Mom started shopping with an eye for properties that would cash flow from the start and mature for sale when my brother and I needed college funds. Two properties she found met that goal. They were within driving distance of our home. Financing was available: she had the money for the down. I believe she saved the money by driving uniquely strange cars: a purple AMC Gremlin and then a Green Mercury Comet. Neither of our cars looked as good as in these photos.  Both could accommodate a canoe with tie downs through the windows on family trips. I loved these cars. But, I digress.

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For those of us interested in teaching our children the benefit of real estate investing, pay attention now. This is where I missed the lesson. My take away from mom’s real estate investing was: it meant mowing.

Yes, this writer went through college and incurred no debt through the efforts of my forward thinking mother but, my prominent memory is that mom’s REI created unpaid work. Mom managed the properties herself. Upon purchase of each investment, mom laid carpet, grouted tile and painted the units herself. She also remembers hiring contractors to help with a porch roof and appliance work. My brother and I mowed and went with her to the properties for drive-bys and clean-outs.  Mom was very good at realizing the value of delayed gratification. My brother and I were not.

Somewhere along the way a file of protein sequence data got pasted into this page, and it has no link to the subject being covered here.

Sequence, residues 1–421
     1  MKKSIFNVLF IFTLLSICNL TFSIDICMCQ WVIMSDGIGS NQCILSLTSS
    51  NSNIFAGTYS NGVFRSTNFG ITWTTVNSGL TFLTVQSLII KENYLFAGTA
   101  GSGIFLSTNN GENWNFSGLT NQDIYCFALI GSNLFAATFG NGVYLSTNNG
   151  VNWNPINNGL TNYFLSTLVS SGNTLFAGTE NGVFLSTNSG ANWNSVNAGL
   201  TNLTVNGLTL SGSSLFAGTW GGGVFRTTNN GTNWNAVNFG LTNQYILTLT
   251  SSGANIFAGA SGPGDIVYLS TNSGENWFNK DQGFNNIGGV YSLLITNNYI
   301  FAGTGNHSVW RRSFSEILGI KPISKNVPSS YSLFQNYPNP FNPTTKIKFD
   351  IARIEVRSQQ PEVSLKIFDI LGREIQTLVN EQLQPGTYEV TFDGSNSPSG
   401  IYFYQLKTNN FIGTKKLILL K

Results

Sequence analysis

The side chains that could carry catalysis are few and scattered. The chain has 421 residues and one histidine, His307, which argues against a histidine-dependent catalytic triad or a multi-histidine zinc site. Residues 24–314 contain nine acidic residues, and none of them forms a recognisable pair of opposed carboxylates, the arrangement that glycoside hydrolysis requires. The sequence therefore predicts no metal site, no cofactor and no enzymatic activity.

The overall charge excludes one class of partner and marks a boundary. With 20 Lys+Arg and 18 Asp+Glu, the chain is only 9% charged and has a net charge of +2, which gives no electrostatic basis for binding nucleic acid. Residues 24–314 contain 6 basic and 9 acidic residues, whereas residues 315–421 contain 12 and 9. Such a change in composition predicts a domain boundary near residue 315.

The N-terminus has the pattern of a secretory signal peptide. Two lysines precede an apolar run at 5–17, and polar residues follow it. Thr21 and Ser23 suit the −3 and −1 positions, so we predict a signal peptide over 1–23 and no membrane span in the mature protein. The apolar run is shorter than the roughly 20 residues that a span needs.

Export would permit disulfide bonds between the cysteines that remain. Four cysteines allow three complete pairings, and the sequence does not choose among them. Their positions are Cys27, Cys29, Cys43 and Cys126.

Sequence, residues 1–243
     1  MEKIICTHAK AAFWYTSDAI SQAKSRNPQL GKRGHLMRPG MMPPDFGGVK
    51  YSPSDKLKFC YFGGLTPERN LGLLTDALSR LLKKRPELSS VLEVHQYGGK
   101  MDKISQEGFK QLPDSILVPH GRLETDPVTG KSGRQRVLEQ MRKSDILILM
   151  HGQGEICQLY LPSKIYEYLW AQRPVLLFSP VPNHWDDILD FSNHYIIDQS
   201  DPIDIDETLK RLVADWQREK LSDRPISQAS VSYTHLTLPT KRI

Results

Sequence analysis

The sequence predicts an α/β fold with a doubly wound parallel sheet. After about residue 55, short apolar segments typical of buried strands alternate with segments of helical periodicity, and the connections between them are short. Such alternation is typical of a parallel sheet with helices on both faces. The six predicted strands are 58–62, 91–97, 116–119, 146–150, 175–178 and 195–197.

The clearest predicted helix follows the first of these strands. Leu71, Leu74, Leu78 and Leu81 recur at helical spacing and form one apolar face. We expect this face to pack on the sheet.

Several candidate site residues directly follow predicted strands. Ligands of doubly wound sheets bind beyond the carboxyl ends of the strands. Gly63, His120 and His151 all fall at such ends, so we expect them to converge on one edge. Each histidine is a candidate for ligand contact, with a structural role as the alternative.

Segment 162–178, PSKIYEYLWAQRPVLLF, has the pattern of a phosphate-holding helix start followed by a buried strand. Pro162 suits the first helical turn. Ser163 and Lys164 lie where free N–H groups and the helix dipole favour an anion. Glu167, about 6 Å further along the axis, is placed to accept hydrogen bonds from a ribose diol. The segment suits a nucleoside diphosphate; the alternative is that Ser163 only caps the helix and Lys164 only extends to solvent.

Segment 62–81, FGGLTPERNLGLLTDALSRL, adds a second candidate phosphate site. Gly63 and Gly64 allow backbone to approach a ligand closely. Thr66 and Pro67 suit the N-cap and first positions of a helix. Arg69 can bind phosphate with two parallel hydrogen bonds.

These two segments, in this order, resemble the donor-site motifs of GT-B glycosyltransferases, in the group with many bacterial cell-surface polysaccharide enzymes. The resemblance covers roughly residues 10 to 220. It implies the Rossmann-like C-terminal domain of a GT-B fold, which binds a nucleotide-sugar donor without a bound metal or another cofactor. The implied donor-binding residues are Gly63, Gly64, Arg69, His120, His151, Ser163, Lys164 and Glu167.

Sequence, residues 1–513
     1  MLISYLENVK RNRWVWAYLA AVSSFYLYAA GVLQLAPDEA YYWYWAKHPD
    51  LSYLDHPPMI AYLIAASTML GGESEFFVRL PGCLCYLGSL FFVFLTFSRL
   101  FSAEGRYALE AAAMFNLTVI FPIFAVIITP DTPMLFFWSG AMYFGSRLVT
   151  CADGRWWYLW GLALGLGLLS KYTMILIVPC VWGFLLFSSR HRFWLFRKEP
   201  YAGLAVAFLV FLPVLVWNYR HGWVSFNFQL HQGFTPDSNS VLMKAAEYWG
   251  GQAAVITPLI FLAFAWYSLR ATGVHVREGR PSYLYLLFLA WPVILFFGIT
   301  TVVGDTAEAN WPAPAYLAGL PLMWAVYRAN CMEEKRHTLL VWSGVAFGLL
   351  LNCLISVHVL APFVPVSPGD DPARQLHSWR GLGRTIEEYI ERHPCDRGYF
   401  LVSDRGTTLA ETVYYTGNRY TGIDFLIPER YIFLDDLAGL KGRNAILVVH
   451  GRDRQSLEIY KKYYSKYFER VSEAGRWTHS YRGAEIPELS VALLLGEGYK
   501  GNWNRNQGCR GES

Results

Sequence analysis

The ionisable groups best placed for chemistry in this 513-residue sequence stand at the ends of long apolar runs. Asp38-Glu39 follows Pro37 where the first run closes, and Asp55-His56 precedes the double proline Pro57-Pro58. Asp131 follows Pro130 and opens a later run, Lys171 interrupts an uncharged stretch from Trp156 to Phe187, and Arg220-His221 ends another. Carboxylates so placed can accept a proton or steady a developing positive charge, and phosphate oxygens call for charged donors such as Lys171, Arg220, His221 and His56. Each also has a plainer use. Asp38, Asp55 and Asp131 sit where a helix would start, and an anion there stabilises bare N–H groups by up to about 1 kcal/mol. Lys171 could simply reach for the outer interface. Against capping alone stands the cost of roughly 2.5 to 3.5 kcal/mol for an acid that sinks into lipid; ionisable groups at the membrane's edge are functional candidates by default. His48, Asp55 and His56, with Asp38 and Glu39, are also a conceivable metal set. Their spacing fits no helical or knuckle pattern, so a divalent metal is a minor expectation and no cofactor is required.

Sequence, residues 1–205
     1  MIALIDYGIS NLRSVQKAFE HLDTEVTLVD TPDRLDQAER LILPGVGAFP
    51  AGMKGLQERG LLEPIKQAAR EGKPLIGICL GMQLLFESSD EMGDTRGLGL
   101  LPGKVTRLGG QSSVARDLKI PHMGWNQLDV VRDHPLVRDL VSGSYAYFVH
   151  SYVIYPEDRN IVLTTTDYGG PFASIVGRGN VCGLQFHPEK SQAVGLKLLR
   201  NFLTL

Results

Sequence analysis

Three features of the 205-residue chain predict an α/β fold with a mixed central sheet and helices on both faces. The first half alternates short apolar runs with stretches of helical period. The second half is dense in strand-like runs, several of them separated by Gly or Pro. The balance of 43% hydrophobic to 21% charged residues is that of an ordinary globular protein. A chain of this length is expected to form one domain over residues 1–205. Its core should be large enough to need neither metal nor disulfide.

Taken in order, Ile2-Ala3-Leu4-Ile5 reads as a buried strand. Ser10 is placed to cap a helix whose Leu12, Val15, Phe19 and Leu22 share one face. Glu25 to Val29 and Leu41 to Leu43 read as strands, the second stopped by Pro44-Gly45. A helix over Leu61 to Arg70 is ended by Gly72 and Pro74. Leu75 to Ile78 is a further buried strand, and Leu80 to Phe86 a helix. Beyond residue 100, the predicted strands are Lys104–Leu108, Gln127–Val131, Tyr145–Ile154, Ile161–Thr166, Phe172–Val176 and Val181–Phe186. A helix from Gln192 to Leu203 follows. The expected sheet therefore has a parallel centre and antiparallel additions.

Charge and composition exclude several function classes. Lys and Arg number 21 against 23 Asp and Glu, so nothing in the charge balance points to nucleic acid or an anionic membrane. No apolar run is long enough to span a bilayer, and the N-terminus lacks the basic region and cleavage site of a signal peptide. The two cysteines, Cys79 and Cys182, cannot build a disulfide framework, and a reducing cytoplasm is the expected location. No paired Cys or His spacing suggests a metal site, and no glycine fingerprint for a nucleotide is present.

How did I miss the educational opportunity that was in my face, by 20 years?  Let’s be honest, a single working mom is limited on time, so a teen  (me) who appears to hear static when presented information about financial planning may miss out. Either mom did not include us in the financial education portion of her plan or I did not understand the value of listening. She did her books after my brother and I went to bed, we mowed.

Mom realized the benefit of passive income (and some indentured labor) and met her investment goals but, handing down the financial knowledge was not part of the plan. Philosophically, mom is a champion of work as the way to stay out of trouble. We were  to go to college and then to jobs. The purpose of real estate investment in her portfolio to meet a single goal and not to be repeated for continued wealth generation. She was an estate lawyer, I wonder if she just wasn’t impressed with the trust children of her clients.

So, what will I do that will be new? It will not be some breakthrough REI strategy as I previously thought, but rather a cultural shift of financial education for my kids.  How we talk about money to our children will be the change. Economies change over time as do the effectiveness of investments strategies. Our kids will need to be financially nimble. Going forward, I resolve to involve my kids not only in my drive-bys and some paid mowing, but also the books.